« Reply #15 on: October 01, 2014, 08:57:24 PM »
Okay, my last post was all the bad and the ugly, here’s the good (cue the red-tailed hawk cry and warble whistle, knock off the desert dust and wet those chapped lips)..

I'm a dyed-in-the-wool firm believer in live music surround recording.  Not in surround album releases. And not in a way that has very much in common with film surround sound or television broadcast surround. 

The first part of that statement at least probably comes as no surprise to many of you who have been kind enough to bear with my frequently over-worded posts here, where my enthusiasm for surround recording occasionally seeps in. This is likely to be another one of those.  I’ll try and explain why I feel so strongly that way, and why I think others might also find it as rewarding, but I’m well past expecting to convert anyone here to recording surround.  It’s taken me about 7 years of experimentation to get to where I’m relatively comfortable and satisfied with several basic recording approaches to doing it, depending on the situation and constraints.  It’s certainly no “one approach fit’s all” kind of thing on the recording side of things, although I do think there may be positive movement towards eventually finding a few “universal formats” which are at least appropriate to mix to, from which specific formats like stereo or specific surround playback formats may be derived as appropriate.  My greatest desire at this point is to find ways to share this experience which I’ve personally found to be so rewarding and compelling with others who might appreciate the experience of it and I hope to be working towards doing that more effectively in the next few years.  In all likely hood that will involve not just appropriate editing of the recordings for an appropriate playback and distribution format, which is one of the larger challenges for both surround recording in general and for me personally, but also a dedicated portable playback system I can transport easily enough to haul around and share the experience - since those two sides of the coin are essentially inseparable.  I’ve already begun to slow down on the recording side, so those are obvious next steps.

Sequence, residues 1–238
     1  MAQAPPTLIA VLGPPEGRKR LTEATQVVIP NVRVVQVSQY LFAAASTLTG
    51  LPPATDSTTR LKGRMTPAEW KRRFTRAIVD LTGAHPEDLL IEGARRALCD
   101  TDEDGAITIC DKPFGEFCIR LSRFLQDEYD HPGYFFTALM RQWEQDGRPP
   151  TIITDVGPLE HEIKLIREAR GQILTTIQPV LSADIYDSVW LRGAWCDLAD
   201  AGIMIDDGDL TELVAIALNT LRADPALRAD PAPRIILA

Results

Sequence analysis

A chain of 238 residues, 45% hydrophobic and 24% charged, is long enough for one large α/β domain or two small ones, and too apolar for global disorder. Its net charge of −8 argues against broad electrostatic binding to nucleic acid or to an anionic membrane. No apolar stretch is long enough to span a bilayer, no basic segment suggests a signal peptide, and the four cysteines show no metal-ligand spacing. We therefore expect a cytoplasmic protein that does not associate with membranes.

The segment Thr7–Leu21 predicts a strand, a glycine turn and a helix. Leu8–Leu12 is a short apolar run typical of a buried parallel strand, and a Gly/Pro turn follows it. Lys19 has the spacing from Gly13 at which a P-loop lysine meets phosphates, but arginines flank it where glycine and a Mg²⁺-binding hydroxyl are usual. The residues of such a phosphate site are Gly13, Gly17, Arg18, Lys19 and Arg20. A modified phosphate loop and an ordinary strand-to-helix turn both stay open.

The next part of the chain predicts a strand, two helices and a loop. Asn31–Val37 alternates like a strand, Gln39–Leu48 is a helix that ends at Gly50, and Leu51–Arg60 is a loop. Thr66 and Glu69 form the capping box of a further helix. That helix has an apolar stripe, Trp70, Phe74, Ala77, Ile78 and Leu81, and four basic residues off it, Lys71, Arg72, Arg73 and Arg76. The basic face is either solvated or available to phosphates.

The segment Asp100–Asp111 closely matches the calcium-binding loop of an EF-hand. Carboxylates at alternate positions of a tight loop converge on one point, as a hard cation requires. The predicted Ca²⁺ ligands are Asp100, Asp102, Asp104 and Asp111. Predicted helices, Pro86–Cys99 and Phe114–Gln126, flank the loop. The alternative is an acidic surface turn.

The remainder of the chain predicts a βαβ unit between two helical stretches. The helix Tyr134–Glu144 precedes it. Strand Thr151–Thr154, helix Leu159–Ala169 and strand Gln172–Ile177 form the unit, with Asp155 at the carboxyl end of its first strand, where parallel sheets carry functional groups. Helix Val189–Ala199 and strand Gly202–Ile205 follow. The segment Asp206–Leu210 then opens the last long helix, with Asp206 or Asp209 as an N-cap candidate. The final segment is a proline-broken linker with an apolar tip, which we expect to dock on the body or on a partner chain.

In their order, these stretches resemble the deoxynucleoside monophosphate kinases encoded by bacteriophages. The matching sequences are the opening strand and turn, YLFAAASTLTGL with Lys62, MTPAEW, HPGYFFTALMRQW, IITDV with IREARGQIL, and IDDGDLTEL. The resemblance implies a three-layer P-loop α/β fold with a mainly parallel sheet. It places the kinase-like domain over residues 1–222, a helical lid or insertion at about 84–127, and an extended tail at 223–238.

Nearly every recording I’ve made since about 2007 has been made in some form of surround.  I can easily count the exceptions.  It may sound cliché, but I’ve found the proper playback experience of the ones I didn’t screw up some how to often be at least on-par if not significantly superior to the live experience, at least sonically.  At its best the experience is completely transformative, like a teleportation time-machine.  Ironic perhaps, but that playback experience has been one of the greatest windows to really understanding and finding a far deeper enjoyment of the actual performance of live music for me.  I’ve had the opportunity to hear some really excellent live recordings through outstanding high-end 2-channel stereo playback systems in dedicated rooms, and it is true that at their best they can approach some (but not all) of the qualities of great surround playback.  But that’s rare, and I don’t have anything like that kind of budget.  I can achieve a superior suspension of disbelief much more consistently at a far lower cost with surround.  There are plenty of other hurdles though.  If there was an easier and less isolated way to achieve the same transformative experience with just two channels I’d do it.